“With that in mind, you want to make sure your personal and company LinkedIn profiles are as engaging and up-to-date as possible. Include imagery, a summary description, rich media, your qualifications, and anything to draw someone in and relate to who you are. First impressions count, and your profile could be the first impression people have of your company before they actually meet you. So, be sure to post on your company pages before, during and after the event. If your profile is in top shape, you can be ready to meet as many new people as possible and give yourself the best chance at finding new leads and building relationships.

“It all comes down to networking and relationship building, and LinkedIn is your digital method of doing that.”

That’s really useful. Beyond keeping your profile fresh, how should Microsoft Partners approach the show on social channels like LinkedIn?

“There are two sides to social at Inspire: personal and brand. They’re both different and alike.

“If you’re bringing a team to Inspire, you’ve got a small army of advocates. As an individual, you’re representing yourself and your company. That’s what employee advocacy is all about. So, from a personal social standpoint, I would focus on Twitter and LinkedIn—those are my social platforms of choice. At an event like Inspire, you can post a lot of content every day—videos of the Corenotes and Sessions is a great way to capture the atmosphere of Inspire. Every time you post, you’re representing your company. So, including hashtags like #MSInspire and #MicrosoftLife, and ‘@’ mentioning the people you’ve met, are good ways to do this. It’s about creating an authentic experience around what you’re learning and participating in—that’s the best thing you can do. Show your credibility and differentiate not only yourself but your business by talking about the cool stuff you’re doing.

Show your credibility and differentiate not only yourself but your business by talking about the cool stuff you’re doing.

“The other side is thinking about the impact on your company brand. This should require a bit more of a framework. Of course, you still want to use images, video, and hashtags to give your posts the best visibility. But each post should have thought behind it. It’s not just about the experience—leave that for the personal side—but about sharing thought leadership with your audience. Let them know why the company is there, and the benefits of attending for your clients.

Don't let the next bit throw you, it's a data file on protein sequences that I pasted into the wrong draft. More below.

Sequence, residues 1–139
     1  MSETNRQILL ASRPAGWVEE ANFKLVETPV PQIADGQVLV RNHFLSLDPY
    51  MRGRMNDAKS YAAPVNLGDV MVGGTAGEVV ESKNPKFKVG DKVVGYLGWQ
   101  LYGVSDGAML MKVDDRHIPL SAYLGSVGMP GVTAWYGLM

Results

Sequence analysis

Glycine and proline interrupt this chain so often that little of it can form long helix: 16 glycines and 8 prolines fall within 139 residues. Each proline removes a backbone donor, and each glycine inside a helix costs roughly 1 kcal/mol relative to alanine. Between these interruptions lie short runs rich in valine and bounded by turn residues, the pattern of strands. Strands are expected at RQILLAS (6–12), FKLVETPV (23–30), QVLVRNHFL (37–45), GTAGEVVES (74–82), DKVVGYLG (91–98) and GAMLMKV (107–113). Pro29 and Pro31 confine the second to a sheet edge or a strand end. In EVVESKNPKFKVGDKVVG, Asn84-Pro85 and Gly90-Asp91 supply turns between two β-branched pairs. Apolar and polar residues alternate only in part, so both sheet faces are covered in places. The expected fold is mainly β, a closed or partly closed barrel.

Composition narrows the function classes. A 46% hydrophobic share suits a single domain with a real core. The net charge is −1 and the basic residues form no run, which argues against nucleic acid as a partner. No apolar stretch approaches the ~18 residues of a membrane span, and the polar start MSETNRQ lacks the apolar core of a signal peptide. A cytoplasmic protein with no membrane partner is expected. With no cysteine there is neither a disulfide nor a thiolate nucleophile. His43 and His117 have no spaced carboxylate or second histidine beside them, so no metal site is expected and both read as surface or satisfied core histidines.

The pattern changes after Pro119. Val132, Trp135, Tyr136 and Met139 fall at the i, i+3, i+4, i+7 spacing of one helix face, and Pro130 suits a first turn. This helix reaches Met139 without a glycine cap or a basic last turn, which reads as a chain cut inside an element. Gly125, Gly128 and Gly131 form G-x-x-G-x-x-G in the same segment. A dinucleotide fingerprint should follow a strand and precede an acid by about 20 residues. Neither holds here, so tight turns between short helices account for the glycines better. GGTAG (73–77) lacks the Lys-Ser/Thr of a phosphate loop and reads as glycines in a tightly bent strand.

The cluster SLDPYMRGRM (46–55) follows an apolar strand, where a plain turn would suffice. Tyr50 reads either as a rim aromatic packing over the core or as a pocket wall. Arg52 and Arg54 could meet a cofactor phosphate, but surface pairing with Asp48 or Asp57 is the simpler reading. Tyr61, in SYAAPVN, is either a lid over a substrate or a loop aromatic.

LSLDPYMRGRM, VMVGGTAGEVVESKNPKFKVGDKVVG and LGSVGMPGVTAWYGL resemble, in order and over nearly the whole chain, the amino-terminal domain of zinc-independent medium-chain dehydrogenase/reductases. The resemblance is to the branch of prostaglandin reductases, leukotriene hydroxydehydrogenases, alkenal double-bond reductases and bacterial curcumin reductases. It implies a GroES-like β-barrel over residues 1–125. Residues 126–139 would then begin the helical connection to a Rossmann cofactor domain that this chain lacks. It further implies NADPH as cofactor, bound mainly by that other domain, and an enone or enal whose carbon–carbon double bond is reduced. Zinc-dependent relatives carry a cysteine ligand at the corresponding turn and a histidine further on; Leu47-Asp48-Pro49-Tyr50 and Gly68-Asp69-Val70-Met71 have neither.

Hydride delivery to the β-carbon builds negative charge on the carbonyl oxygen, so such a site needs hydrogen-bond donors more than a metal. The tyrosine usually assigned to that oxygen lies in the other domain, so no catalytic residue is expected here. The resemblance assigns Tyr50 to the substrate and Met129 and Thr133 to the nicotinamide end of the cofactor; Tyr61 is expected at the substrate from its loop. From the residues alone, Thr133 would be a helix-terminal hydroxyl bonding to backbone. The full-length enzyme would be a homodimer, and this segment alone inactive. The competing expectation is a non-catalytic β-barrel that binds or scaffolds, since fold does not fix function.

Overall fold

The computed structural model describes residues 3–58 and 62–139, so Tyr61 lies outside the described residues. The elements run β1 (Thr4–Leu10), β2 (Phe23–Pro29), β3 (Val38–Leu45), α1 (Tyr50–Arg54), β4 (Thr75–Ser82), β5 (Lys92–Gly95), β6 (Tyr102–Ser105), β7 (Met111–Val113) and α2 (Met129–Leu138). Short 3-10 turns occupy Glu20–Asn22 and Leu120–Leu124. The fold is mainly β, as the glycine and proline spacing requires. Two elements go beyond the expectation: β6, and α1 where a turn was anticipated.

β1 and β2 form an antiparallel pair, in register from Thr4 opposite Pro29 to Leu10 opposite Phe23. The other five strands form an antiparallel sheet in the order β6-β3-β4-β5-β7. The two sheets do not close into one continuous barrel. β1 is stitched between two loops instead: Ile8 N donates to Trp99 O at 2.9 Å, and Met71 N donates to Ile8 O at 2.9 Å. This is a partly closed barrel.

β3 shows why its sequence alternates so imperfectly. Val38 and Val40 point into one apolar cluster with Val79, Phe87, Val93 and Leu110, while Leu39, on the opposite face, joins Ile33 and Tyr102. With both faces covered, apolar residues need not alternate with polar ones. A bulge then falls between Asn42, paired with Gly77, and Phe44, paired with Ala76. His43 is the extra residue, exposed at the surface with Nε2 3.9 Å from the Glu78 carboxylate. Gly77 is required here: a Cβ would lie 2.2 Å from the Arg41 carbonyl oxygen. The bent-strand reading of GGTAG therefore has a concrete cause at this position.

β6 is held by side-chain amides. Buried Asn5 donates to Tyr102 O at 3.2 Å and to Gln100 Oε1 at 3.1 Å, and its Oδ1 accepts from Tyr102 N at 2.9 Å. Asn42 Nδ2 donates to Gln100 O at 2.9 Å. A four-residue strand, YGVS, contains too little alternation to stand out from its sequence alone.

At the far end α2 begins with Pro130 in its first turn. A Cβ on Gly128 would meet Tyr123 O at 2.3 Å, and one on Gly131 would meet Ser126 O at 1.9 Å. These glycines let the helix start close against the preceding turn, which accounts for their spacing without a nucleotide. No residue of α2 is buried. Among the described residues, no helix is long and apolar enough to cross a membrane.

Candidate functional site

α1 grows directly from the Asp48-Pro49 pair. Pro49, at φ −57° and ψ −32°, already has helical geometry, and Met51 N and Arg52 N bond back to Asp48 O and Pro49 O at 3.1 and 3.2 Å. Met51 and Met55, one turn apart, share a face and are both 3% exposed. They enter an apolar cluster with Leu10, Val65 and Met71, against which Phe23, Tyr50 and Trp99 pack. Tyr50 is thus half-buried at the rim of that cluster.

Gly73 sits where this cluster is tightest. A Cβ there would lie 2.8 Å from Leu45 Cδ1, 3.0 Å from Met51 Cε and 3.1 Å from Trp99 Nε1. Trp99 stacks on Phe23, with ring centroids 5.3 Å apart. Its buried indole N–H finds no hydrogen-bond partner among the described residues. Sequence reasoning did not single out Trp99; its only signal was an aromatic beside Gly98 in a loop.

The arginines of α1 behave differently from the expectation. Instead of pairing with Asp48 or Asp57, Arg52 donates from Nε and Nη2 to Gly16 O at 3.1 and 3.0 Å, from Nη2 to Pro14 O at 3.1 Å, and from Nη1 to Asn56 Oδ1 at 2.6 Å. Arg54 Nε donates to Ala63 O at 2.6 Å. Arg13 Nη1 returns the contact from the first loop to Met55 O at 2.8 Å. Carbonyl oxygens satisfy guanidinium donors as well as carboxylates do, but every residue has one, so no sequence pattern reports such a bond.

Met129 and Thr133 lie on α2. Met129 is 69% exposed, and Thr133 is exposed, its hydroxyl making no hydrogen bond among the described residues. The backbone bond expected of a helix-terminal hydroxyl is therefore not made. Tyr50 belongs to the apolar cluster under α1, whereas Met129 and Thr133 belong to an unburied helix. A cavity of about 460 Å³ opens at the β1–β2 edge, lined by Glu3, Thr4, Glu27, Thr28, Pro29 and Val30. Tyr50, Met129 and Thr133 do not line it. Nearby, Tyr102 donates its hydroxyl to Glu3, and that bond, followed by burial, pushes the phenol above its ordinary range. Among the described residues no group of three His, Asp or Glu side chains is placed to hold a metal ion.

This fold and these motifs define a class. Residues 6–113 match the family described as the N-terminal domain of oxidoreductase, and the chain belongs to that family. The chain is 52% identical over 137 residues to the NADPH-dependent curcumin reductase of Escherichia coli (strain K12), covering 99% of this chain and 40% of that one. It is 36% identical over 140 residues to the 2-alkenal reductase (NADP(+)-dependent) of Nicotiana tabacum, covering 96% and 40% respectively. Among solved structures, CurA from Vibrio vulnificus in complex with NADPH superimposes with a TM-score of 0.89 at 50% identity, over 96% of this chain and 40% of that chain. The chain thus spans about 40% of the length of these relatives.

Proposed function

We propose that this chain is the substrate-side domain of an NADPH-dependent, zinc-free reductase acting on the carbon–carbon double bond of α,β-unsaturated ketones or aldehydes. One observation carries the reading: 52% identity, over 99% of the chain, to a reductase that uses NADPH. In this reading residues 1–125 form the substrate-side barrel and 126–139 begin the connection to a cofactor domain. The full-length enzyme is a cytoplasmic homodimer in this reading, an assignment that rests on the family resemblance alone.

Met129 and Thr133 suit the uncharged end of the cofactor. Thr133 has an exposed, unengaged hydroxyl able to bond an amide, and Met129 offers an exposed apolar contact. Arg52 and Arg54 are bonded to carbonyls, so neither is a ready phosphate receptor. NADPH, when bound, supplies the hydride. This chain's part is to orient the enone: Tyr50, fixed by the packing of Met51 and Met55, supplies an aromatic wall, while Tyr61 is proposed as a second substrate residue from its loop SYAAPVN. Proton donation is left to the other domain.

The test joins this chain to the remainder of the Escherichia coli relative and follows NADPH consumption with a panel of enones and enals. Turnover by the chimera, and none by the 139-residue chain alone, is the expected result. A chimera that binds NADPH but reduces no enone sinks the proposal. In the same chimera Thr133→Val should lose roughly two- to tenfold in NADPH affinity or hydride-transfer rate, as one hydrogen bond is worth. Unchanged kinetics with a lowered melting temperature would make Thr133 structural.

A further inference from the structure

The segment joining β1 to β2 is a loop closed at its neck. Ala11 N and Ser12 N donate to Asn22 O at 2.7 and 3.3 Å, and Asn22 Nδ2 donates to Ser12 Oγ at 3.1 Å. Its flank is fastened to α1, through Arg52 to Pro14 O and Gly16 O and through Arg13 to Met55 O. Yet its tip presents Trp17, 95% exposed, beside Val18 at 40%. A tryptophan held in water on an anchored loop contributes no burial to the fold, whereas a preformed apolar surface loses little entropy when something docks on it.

“But there should, of course, be fluidity between personal and brand in your Inspire social strategy. On your corporate account, re-post and share any great messages shared by employees (and vice versa). They play off each other. There’s nothing better as an employee to know they’re having their content broadcasted, while the business gets to extend its reach further. It’s a win-win!

“Social is ultimately about driving the conversation. It’s not supposed to be a static tool. That’s what’s so great about events like Inspire because there’s so much to say and do.”

And, even though Inspire hasn’t started, that should be the case now, too. Right?

“Frequency picks up the most at the event for sure. You can’t exhaust your audience before they even get there! At Microsoft, this month is all about inspiration. We’re trying to engage the partner network with inspirational quotes on our social channels—we want everybody to get in on the conversation and get people excited about the event.”

 

We’d like to thank Rachel for sharing her thoughts and expertise with us. Don’t forget to follow Rachel on Twitter (@rkbraunstein) and LinkedIn (rachelbraunstein). Keep up with the Microsoft Partner Network (@MSPartner) on Twitter for all the latest around Inspire, and make sure to visit Fifty Five and Five at stand #1622 at the event!

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Employee advocacy programme

How to build a great employee advocacy programme

  • Tapping into the power of your employees to share company content
  • Building an employee advocacy programme strategy
  • Step-by-step guidance

Gaining consumer trust should be the priority of every brand. A way of increasing consumer trust is putting together a well thought out and strategic employee advocacy programme.

The power of an employee advocacy programme